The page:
What Parents Can Do: How to Overcome ADHD Reading Problems

Not every child with ADHD and ADD experiences difficulties in reading. Studies estimate that around half struggle with literacy skills. Attention issues make it difficult for kids with ADHD to concentrate on text. As a parent, there are things you can do on how to overcome ADHD reading problems. 

Kids with ADHD may have trouble following narratives, connecting text to their prior knowledge of a topic, and guessing at the meanings of unknown words .

Left unchecked or unsupported, it leads to frustration and avoidance of activities involving reading and writing over time. Also, your child may suffer low self-esteem

The good news is that there are strategies and resources you can use to help your child achieve in school and be a great reader even if they have ADHD.

About ADHD & ADD

Sometimes, ADHD is used as a catch-all term for kids who have both ADHD and ADD — the latter is the one without hyperactivity. Teachers and parents find it easier to recognize the former by the characteristic impulsivity and great levels of activity. 

Kids with these special learning abilities can be fidgety or disruptive at school. There are times when they blurt out answers and tend to be messy with their handwritten work. Sometimes, they have trouble concentrating for long stretches of time.

How to Overcome ADHD Reading Problems

A great reading program like the Dicker Reading Method can help children with learning disabilities as well. Kids with ADHD respond better to tactile learning, where movement is incorporated.

These kids learn better in short bursts with breaks that let them expend a bit of their extra energy. So here’s how to overcome ADHD reading problems with kids.

#1 Reading together

Impulsivity is what makes a child with ADHD take random guesses when reading vs. taking time to sound out a word. For this reason, it’s helpful for them to read along with adults or older children.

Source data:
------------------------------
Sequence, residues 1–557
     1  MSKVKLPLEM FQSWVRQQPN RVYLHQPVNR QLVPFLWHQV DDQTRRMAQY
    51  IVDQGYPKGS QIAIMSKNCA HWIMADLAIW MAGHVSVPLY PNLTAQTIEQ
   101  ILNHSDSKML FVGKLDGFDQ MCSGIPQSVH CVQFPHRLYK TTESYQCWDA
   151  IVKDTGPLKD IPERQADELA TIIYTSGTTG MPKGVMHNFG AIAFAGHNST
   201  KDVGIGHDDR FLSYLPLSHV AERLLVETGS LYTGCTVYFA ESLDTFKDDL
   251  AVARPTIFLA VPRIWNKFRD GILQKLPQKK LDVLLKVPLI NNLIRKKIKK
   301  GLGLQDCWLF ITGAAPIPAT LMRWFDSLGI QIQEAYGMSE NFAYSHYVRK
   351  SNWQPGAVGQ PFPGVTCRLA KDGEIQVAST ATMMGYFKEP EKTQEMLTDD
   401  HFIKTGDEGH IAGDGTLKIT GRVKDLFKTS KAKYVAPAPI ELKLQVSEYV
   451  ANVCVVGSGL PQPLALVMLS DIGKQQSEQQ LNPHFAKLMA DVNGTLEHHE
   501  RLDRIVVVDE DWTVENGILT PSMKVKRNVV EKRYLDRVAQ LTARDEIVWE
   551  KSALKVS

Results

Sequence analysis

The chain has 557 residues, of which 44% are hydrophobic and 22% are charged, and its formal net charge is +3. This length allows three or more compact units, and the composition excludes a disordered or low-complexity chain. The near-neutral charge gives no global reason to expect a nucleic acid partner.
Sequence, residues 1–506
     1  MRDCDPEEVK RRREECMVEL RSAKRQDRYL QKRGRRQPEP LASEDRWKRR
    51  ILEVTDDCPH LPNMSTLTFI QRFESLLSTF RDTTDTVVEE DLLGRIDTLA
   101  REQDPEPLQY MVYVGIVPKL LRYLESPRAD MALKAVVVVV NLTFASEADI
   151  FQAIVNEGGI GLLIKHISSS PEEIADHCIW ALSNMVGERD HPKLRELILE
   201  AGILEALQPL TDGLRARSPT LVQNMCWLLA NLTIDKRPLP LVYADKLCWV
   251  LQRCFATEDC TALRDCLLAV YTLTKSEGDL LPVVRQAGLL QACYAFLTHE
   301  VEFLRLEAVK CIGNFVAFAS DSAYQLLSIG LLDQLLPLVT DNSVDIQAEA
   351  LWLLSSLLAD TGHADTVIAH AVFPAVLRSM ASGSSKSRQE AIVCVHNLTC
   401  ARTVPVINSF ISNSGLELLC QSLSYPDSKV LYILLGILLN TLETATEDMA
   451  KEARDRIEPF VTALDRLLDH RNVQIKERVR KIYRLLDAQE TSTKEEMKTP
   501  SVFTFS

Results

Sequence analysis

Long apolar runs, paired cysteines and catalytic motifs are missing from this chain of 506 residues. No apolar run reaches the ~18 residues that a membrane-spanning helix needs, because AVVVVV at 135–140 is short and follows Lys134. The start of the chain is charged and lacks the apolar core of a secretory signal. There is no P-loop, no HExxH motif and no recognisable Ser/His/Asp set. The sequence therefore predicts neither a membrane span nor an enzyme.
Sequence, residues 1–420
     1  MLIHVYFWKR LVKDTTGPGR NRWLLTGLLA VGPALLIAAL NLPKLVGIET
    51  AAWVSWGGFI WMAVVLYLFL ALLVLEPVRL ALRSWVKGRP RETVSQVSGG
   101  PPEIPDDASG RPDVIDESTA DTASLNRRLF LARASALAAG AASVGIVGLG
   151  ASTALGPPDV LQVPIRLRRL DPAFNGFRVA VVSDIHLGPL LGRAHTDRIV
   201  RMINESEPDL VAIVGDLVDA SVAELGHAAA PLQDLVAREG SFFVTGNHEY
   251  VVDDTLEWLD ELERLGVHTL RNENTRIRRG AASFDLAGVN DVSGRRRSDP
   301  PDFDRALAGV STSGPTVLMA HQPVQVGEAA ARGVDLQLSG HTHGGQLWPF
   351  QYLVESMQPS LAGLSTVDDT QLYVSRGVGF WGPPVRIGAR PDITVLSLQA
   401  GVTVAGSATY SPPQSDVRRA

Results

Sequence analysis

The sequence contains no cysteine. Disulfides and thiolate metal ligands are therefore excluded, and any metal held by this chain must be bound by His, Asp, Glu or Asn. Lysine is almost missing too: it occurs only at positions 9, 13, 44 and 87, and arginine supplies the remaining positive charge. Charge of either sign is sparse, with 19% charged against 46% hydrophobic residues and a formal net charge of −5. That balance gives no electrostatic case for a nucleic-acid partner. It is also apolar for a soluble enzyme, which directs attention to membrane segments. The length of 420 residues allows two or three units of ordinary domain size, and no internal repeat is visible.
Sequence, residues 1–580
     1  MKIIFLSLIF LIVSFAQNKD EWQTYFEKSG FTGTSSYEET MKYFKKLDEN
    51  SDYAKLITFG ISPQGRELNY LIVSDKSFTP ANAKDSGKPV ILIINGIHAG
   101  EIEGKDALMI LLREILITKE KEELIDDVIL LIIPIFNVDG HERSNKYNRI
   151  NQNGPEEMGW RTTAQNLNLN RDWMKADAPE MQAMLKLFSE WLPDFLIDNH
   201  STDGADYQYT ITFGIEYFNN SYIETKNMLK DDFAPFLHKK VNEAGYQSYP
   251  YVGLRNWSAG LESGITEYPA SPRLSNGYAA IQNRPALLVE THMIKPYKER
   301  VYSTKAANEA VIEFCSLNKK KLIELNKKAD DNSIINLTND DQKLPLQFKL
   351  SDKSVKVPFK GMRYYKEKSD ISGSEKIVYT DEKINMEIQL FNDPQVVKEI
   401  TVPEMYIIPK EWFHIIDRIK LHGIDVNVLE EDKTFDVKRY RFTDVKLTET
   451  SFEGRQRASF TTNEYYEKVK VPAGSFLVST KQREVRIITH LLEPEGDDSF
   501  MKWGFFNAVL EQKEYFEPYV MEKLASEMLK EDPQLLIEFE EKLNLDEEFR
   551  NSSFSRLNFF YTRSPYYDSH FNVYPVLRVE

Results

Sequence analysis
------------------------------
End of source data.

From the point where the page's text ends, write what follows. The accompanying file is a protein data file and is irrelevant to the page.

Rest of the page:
The child also sees the letters and ends up hearing the words at the same time, reinforcing the necessary skills. Dicker Reading programs include this type of learning for kids with ADHD.

#2 Include movement while learning

For kids with ADHD, include plenty of movement. Get plastic letters or magnets and stick them on the fridge. Let your children play with them, letting them configure words on their own. Substitute vowels and practice blending and rearranging sounds. 

#3 Read regularly but in short bursts

If you require kids with ADHD to sit still and read for extended periods of time, it’s going to be hard. That’s asking for a lot. Instead, try to incorporate 15 minutes of quiet and focused reading time in their daily schedules, preferably after exercise or during times in the day when they’re most likely to be calm. 

It’s also helpful to observe a child for a couple of days. Take notes on when they’re most focused and then schedule their reading time accordingly.

#4 Find reading material that interests them

You need to make sure that children understand that reading can be fun by choosing topics or a genre that gets them excited. Engage your children’s imagination before they start reading and ask them to make predictions about the book. Read, point out, and discuss text wherever you find it, even if it’s on the back of a cereal box.

#5 Praise and encourage in their efforts

Keep records of every book that you’ve read together, and take notes on pages that they’ve read on their own. Colorful charts, stickers, and calendars, etc. You can use these as tools to encourage intrinsic motivation when it comes to reading. 


[contact-form-7 id=”9428″ title=”Newsletter with PDF”]

Start typing and press Enter to search

Top adobestock 88926231 copy 1200px 150x150
Get Started with a Free Consultation​
Call or schedule an appointment by clicking below! Fill out the short form below. We'll be in touch soon.